MATH 215B HOMEWORK 4 SOLUTIONS
1. (8 marks) Compute the homology groups of the space X obtained from n by
identifying all faces of the same dimension in the following way: [v0 , . . . , vj , . . . , v
FUNDAMENTAL GROUPS AND COVERING SPACES
ETHAN JERZAK
Abstract. In this paper, I will briey develop the theory of fundamental
groups and covering spaces of topological spaces. Then I will point toward
t
Algebraic Topology, Fall 2013
Selected Solutions for HW 6.
Hatcher 1.3.24.
Suppose we have a covering space action of a group G on a path-connected, locally pathconnected space X. Show:
a) Every path-
CUP PRODUCTS IN COMPUTATIONAL TOPOLOGY
JONATHAN HUANG
Abstract. Topological persistence methods provide a robust framework for
analyzing large point cloud datasets topologically, and have been applied
CHAPTER 6
Singular Homology
1. Homology, Introduction
In the beginning, we suggested the idea of attaching algebraic objects to topological spaces in order to discern their properties. In language int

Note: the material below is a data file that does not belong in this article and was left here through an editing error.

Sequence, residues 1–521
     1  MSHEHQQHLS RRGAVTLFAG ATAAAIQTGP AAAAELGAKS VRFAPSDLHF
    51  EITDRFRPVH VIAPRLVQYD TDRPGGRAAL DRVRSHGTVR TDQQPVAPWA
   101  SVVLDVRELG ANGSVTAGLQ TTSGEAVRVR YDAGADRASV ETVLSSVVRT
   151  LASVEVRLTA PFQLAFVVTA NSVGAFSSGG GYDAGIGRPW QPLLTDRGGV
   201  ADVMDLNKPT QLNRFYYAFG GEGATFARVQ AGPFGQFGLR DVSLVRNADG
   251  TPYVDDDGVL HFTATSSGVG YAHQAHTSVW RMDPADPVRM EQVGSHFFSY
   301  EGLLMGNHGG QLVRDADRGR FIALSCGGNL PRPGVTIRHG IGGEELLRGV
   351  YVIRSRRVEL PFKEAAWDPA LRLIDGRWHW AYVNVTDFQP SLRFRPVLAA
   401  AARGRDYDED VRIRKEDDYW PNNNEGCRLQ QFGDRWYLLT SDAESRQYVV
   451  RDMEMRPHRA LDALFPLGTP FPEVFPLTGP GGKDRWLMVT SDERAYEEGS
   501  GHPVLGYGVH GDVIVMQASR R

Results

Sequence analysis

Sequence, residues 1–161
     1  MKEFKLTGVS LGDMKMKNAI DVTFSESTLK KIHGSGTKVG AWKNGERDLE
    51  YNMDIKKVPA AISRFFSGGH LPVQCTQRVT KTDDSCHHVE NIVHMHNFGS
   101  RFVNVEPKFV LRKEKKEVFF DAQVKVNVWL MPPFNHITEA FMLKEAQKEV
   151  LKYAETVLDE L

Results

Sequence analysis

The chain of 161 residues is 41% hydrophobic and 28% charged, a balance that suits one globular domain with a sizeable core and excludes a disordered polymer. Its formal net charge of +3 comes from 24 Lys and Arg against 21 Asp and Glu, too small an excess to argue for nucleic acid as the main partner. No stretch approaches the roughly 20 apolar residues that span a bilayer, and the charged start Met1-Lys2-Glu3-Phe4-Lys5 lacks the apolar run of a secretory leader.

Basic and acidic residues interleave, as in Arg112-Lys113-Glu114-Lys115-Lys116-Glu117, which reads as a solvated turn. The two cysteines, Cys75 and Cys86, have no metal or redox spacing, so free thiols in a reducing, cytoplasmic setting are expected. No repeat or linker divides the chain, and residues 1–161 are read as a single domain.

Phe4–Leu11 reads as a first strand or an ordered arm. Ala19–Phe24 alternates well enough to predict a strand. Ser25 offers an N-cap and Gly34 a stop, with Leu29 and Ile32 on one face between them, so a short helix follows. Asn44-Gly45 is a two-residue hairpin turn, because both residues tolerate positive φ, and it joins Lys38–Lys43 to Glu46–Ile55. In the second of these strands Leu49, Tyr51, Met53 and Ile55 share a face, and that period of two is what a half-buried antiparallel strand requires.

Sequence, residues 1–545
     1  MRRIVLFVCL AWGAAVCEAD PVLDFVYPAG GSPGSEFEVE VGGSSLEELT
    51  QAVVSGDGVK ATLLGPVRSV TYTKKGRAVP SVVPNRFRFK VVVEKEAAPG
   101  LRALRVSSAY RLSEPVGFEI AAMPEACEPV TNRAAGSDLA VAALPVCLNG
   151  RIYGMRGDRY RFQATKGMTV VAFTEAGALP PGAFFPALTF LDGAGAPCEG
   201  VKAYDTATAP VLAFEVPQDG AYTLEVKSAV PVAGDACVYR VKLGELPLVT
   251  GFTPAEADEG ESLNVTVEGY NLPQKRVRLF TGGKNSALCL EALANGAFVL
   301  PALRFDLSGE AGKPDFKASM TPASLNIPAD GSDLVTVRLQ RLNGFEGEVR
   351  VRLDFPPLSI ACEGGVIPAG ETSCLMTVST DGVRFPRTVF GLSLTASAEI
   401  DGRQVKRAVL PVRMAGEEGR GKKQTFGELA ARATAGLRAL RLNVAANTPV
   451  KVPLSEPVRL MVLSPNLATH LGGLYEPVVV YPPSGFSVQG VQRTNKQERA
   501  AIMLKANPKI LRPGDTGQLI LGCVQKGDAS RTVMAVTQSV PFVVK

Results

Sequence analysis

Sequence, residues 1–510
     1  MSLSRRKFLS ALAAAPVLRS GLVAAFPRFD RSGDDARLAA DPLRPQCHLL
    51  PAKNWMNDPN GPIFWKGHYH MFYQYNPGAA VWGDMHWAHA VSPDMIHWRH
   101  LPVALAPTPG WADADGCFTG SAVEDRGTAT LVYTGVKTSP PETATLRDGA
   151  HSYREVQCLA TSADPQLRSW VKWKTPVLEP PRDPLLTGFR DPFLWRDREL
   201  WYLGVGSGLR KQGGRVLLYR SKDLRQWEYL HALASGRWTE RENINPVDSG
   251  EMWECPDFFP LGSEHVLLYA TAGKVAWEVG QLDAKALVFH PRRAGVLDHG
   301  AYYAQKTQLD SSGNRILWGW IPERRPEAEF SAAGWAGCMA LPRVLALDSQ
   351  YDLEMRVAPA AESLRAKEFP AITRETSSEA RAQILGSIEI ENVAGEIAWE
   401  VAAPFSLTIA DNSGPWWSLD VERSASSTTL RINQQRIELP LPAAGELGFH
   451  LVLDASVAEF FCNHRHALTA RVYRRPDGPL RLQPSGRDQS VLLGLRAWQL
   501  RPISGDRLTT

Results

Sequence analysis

Cup Products
March 7, 2012
Example
Consider the spaces X = CP 2 and Y = S 2 S 4 . The natural question
whether X and Y are homotopy equivalent arises. We know that as CW
Complexes, both X and Y have o
HW 10 SOLUTIONS, MA525
Hatcher 2.2 Problem 29
The Mayer-Vietoris sequence gives
Hn (Mg ) Hn (R) Hn (R) Hn (X) Hn1 (Mg )
The compact space R deformation retracts on a wedge of g circles. So H0 (R) =
72
CHAPTER 5
Manifolds and Surfaces
1. Manifolds and Surfaces
Recall that an n-manifold is a Hausdor space in which every point
has a neighborhood homeomorphic to a open ball in Rn .
Here are some exa
14
Finite abelian groups
When dealing exclusively with abelian groups it is customary to use additive
notation. An abelian group whose operation is written as addition is called
an additive group.
mul
Final Exam
Algebraic Topology
December 13, 2006
You may apply theorems from the course, but please give the name or statement of the theorem.
1. Compute the homology groups of S 3 S 5 by using a produ
Contents